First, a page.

From a layman point of view, one would say, "Oh, I'm unrooted so I am blocked and access is not allowed." I want the programmatic point of view; telling me how an unrooted device doesn't have access to the whole filesystem, etc., and how a rooted device has that access.
1.Is the filesystem set by default to disallow reads/writes to /system, /sys, /data, etc.?
2.Is there something stored in /system or /data (such as a program, block device/file, etc.) that the unrooted OS runs that limits system-wide access on several tasks that rooted users have?
3.Does the default "unrooted" OS actually have system-wide prevention of unrooted access?
Because look at it this way: to "root" your device something must be changed, right? So the "rooting program" or process must entail how this restriction is circumvented. Does anyone here/can anyone link to anything (or explain it) that explains this process of how the rooting progress allows users access they weren't normally given by default (programmatically; not details on steps to follow in a rooting process and not info on how to root on your phone from a user's point of view; from a developer's point of view).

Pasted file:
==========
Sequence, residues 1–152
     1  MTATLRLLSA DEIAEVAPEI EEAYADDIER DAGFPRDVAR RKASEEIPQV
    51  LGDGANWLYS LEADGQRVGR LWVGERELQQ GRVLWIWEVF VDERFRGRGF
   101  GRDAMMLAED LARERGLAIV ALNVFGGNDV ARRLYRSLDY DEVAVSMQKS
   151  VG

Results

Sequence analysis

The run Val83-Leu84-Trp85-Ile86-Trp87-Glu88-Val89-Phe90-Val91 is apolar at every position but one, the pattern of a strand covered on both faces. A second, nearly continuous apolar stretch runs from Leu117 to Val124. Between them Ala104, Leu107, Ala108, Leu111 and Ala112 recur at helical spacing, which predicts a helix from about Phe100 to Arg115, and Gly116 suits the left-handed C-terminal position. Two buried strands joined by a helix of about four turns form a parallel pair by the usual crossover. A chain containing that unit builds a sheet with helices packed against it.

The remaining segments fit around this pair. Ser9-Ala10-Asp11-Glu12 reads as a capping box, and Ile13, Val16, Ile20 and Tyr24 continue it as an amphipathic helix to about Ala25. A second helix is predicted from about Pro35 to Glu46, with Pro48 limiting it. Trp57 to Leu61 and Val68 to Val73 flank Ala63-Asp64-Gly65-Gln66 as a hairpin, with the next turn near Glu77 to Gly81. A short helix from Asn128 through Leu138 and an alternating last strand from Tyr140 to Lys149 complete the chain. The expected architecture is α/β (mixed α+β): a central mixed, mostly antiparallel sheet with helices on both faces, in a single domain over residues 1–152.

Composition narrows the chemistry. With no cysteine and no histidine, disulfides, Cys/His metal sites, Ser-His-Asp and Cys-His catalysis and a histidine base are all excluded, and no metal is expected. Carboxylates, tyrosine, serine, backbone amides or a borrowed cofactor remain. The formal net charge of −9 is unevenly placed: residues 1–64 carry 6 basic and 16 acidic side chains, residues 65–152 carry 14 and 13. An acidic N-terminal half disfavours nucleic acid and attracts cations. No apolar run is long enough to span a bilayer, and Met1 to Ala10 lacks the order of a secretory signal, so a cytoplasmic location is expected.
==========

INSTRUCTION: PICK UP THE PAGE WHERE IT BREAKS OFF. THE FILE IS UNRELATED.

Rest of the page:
Best example: Say I'm an Android developer and I wish to learn how to create a rooting program. What would I, for example, need to know to do this?